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Australia provides over $5 million for demining work

Khmer Times / Khmer Times Share:
Australian Ambassador Pablo Kang, left, and CMAA first Vice President Ly Thuch at the breakfast meeting in the capital yesterday. Facebook

Australia has committed to grant AUD 7.6 million (about $5.26 million) for demining work in the Kingdom’s three most-affected provinces from this year until 2024.

Ly Thuch, first vice president of Mine Action and Victim Assistance Authority (CMAA), told Khmer Times yesterday the Australian grant would be used to clear landmines in Battambang, Banteay Meanchey and Pailin provinces, which have the most number of UXOs left from wars.

He said the budget would be used from this year until 2024 and  that Australia is committed to helping Cambodia’s demining efforts until 2025.

Thuch said Cambodia and Australia would hold more discussions on demining aid plans for 2025.

“The main aim of the grant is to clear landmines so that the land can be handed over to the people for farming,” he said. “It will help to reduce risks during the farming season since there have been a lot of landmine explosions recently which took place while farmers were ploughing their farmlands.”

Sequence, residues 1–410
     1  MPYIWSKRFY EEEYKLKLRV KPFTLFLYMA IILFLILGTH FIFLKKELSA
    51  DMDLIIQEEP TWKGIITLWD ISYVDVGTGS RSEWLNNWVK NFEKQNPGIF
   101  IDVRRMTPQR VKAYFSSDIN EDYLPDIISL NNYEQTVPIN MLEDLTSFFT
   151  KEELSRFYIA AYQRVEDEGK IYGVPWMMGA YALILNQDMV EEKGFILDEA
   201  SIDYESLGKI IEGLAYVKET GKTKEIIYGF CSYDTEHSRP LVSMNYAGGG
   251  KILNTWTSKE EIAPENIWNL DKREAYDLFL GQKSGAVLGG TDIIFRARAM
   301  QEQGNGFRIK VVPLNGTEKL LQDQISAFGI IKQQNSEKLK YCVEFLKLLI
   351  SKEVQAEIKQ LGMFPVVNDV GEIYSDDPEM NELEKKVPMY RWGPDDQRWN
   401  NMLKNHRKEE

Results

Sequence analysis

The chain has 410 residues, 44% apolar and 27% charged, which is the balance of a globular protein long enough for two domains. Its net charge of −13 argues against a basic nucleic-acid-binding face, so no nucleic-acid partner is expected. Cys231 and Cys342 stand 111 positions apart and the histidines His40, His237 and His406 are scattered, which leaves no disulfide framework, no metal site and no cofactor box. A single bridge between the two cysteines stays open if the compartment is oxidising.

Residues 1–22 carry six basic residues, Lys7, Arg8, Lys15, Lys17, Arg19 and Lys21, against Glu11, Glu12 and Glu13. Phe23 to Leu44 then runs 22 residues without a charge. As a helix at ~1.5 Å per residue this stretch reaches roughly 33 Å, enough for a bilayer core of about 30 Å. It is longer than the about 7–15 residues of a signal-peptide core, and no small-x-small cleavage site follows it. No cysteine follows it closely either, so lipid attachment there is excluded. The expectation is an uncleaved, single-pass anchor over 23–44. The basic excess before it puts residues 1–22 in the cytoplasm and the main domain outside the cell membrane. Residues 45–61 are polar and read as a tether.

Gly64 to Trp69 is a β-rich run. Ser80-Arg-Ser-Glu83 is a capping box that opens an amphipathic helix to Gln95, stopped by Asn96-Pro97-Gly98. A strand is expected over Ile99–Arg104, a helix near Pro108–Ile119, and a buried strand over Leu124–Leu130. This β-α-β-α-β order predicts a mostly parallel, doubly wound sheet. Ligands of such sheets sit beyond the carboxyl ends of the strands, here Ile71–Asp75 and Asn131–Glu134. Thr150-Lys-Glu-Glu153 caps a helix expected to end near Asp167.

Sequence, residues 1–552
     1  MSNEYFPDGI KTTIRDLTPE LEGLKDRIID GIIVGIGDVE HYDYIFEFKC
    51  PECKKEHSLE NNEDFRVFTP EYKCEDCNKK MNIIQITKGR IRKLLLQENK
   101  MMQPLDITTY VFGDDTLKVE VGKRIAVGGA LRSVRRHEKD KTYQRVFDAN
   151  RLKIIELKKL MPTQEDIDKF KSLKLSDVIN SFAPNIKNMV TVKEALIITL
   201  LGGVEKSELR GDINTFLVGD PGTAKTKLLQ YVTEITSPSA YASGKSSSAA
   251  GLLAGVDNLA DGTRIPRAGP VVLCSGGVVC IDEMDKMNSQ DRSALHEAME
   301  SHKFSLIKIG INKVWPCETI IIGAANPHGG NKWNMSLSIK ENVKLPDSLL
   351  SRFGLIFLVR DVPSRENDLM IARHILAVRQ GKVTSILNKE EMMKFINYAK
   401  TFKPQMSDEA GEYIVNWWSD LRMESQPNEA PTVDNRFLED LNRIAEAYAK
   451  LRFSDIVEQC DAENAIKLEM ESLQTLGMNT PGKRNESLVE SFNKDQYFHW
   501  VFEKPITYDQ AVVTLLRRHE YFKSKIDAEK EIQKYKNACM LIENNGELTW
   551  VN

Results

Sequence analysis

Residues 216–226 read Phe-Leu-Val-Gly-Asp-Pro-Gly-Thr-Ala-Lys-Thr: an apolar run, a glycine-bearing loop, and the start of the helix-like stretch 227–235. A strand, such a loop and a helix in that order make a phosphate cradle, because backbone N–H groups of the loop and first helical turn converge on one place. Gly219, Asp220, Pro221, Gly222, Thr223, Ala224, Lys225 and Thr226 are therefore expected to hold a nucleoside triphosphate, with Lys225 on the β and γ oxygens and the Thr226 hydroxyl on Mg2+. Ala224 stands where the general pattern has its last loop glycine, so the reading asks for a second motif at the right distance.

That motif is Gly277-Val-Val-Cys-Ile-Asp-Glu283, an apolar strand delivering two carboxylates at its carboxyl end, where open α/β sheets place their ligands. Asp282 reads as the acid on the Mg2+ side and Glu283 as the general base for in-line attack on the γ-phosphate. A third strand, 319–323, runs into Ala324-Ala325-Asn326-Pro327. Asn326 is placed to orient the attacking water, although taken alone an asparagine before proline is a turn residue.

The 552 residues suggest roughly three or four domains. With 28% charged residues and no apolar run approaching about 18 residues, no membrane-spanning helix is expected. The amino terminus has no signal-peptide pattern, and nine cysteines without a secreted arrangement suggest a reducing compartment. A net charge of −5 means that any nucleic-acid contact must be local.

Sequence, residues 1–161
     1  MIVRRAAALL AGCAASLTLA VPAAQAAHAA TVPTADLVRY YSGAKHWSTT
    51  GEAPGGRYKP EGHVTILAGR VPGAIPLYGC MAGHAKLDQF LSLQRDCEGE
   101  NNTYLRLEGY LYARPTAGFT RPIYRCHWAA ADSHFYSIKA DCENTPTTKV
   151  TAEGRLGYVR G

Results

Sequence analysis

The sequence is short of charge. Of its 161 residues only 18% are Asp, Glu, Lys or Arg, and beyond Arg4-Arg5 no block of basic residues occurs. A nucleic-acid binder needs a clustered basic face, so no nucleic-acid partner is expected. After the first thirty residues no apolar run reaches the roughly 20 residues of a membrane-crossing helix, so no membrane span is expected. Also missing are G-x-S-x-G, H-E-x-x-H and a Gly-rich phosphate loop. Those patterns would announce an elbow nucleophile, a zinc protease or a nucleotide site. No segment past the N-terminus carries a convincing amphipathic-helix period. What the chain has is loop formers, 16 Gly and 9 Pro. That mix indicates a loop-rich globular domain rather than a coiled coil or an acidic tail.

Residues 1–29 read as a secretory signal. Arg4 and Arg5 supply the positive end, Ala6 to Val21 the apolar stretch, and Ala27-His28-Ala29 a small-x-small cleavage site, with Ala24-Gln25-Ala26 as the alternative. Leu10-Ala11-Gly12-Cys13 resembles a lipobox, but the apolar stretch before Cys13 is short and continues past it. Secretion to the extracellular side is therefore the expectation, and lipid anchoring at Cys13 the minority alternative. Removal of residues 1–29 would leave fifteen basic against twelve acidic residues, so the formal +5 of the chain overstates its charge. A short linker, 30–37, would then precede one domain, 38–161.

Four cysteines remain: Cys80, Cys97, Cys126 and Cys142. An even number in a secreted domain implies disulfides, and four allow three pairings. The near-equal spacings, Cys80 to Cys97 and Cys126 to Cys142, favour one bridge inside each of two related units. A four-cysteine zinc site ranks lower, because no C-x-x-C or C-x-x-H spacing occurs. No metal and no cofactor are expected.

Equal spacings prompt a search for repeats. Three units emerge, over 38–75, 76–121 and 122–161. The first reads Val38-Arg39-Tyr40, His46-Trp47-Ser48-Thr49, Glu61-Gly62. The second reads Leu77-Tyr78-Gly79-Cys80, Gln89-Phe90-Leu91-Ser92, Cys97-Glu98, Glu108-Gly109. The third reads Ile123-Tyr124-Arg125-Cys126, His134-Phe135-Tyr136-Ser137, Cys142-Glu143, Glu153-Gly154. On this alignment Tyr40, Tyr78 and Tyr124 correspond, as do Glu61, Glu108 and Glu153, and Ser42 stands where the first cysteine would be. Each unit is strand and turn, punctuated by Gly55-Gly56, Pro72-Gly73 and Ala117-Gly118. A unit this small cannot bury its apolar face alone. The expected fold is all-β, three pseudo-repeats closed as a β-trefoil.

“Prime Minister Hun Sen has expressed concerns that more landmine explosions may take place so we are prioritising efforts to demine the three most  affected provinces,” Thuch added.

He said the recent landmine explosions have disabled or killed victims, causing widows and orphans to suffer hardship.

Thuch said Australia would help develop capacity and strategy related to mine- clearing efforts, adding that the Australian government has been supporting the national strategy to make Cambodia landmine free by 2025.

Cambodia has more than 2,500 deminers across the country.

A CMAA statement quoted Australian Ambassador to Cambodia Pablo Kang as saying, during a breakfast meeting with Thuch yesterday, the Australian government has supported and is committed to continuing its landmine clearance work in the Kingdom, joining with the government in providing safe land, reducing landmine hazards and developing the community economy.

Kang also said on his Twitter account yesterday that: “I reaffirm strong support in working with the UNDP (United Nations Development Programme) Cambodia to help make this country finally mine-free over the next few years.”

The CMAA statement said Australia has been participating in humanitarian mine clearance in the Kingdom since 1994 by providing more than AUD100 million ($69.35 million) in aid.

According to a CMAA report, there were 38 casualties of landmine or UXO explosions so far this year.

The report added that this year, Cambodia has so far cleared 63.26 square kilometres of land and found 7,855 landmines, 175 anti-tank shells and 25,440 other unexploded remnants of war.

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